The concept of multiplicity describes the fluid nature of identity and experience in the wake of postmodernity. Yet the question of how we negotiate and maintain our identities, despite our multiplicities, requires phenomenological clarification. I suggest that recognition of multiplicity needs to be combined with an acknowledgement of continuity, however minimal. I maintain that this continuity is evidenced in our pre-reflective self-awareness, embodiment and habitual activities. Our authorship of life narratives and our ability to deliberate and shape our identities takes place against the background of our lived, prereflective experience. I develop the notion of prereflective self-awareness using the work of Sartre, Heidegger and Merleau-Ponty. I suggest that prereflective self-awareness, embodiment and habitual activity are themselves shaped by our participation in sociocultural frameworks that give meaning to our lives.
In Berry's (1990, 1997) acculturation typology integration is defined by two core components - maintenance of traditional heritage culture and participation in the wider society. These components, underpinned by attitudes, behaviors and identities, are believed to contribute in an additive fashion to the psychological and sociocultural adaptation of immigrants and ethnic minorities, and international research has shown that integration generally leads to more positive outcomes than separation, assimilation or marginalization. This paper draws on an international program of research and describes four multi-method studies that raise and explore key questions about the process, assessment and context of integration and its relationship to adaptation. Three questions are posed for consideration: (1) How is the dynamic process of integration experienced and articulated by immigrants? (2) How do our conceptualization and measurement of identity as an aspect of heritage culture maintenance impact the additive model of integration and adaptation? and (3) Under what conditions does integration fail to be adaptive? Tentative answers are offered, and recommendations are made for future studies to guide the development of acculturation theory and research. (c) 2013 Elsevier Ltd. All rights reserved.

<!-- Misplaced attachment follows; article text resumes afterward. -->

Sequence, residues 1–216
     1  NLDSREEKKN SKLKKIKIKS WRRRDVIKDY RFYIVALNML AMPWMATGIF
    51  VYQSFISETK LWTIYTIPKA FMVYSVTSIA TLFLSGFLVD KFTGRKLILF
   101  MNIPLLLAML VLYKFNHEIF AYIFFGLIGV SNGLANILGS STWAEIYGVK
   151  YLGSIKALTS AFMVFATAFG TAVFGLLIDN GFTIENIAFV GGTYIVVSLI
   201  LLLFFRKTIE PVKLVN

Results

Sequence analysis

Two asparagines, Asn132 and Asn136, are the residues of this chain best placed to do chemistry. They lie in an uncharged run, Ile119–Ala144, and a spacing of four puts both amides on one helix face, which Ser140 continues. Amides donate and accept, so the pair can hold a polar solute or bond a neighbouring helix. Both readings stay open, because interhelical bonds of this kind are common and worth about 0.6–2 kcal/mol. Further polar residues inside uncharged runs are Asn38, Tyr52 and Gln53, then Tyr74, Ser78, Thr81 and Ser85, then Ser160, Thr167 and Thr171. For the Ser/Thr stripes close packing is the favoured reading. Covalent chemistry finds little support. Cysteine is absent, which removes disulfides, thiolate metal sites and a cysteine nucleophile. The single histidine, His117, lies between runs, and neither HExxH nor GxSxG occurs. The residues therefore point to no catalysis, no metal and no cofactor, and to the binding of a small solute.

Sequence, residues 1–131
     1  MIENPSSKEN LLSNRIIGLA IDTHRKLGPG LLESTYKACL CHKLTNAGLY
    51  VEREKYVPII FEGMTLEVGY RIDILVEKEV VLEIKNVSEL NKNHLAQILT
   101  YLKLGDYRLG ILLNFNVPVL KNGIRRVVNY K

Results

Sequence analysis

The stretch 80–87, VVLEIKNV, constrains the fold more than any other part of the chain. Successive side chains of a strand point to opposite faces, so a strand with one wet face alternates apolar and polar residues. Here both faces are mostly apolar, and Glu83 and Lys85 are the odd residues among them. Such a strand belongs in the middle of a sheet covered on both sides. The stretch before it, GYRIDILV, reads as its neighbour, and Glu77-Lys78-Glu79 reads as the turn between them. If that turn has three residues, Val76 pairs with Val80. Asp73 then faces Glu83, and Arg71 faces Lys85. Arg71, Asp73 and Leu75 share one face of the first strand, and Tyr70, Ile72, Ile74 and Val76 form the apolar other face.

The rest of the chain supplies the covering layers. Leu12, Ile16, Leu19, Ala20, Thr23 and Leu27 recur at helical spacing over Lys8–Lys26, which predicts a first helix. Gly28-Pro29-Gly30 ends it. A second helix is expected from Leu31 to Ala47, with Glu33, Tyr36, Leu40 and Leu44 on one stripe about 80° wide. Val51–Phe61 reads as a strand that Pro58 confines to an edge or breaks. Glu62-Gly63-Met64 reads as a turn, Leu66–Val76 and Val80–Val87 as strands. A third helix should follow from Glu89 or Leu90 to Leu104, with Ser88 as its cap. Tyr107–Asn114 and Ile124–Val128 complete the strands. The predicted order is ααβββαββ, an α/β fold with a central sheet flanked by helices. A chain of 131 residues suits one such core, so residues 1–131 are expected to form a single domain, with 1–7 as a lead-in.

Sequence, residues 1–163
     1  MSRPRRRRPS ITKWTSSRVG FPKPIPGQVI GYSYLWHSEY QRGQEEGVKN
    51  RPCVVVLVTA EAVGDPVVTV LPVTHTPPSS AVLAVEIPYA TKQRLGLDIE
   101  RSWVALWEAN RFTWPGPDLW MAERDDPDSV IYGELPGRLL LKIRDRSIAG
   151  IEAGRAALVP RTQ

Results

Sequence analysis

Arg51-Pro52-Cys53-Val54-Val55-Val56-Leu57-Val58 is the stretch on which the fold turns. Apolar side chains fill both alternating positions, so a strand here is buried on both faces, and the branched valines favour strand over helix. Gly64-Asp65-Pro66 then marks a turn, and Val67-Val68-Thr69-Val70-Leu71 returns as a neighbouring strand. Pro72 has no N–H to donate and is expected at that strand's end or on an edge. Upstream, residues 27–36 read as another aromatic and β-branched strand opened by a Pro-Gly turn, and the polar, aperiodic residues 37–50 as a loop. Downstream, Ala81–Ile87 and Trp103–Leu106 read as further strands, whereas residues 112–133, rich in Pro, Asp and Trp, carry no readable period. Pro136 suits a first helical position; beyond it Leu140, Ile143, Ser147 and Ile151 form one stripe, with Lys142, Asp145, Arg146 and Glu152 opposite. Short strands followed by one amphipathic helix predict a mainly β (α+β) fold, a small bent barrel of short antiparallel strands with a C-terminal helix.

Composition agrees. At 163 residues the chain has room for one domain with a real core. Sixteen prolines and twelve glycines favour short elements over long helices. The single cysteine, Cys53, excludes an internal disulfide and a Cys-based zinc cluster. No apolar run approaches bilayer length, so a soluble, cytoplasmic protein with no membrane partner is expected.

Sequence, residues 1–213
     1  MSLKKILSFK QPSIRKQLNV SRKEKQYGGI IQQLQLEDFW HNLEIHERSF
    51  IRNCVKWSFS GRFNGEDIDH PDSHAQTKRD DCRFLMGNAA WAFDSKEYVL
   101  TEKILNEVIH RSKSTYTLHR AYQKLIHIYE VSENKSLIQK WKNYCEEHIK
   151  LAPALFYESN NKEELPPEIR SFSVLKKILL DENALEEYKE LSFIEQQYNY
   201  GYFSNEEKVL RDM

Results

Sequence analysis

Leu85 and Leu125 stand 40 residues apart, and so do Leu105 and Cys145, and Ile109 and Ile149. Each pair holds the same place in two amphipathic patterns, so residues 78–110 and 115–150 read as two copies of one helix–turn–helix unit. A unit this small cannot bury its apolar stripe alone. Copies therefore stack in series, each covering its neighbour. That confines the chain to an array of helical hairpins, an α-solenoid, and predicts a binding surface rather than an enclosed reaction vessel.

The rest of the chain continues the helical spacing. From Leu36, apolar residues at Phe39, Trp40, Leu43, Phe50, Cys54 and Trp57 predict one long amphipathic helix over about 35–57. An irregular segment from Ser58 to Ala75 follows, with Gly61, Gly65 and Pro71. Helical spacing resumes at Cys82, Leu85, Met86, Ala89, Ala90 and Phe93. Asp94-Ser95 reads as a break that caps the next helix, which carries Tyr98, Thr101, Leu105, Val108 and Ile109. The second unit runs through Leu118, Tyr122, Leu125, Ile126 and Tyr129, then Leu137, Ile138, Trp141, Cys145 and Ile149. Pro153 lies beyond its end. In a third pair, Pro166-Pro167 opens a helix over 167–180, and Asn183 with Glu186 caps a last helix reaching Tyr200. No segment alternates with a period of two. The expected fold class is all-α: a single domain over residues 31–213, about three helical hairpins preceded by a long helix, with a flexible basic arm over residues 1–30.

It is well known that infants as soon as they are born tend to use fist, fingers, thumbs in stimulation of the oral erotogenic zone, in satisfaction of the instincts at that zone, and also in quiet union. It is also well known that after a few months infants of either sex become fond of playing with dolls, and that most mothers allow their infants some special object and expect them to become, as it were, addicted to such objects. There is a relationship between these two sets of phenomena that are separated by a time interval, and a study of the development from the earlier into the later can be profitable, and can make use of important clinical material that has been somewhat neglected. Those who happen to be in close touch with mothers' interests and problems will be already aware of the very rich patterns ordinarily displayed by babies in their use of the first 'not-me' possession. These patterns, being displayed, can be subjected to direct observation. There is a wide variation to be found in a sequence of events that starts with the newborn infant's fist-in-mouth activities, and leads eventually on to an attachment to a teddy, a doll or soft toy, or to a hard toy. It is clear that something is important here other than oral excitement and satisfaction, although this may be the basis of everything else. Many other important things can be studied, and they include: 1. The nature of the object. 2. The infant's capacity to recognize the object as 'not-me'. 3. The place of the object – outside, inside, at the border. 4. The infant's capacity to create, think up, devise, originate, produce an object. 5. The initiation of an affectionate type of object-relationship.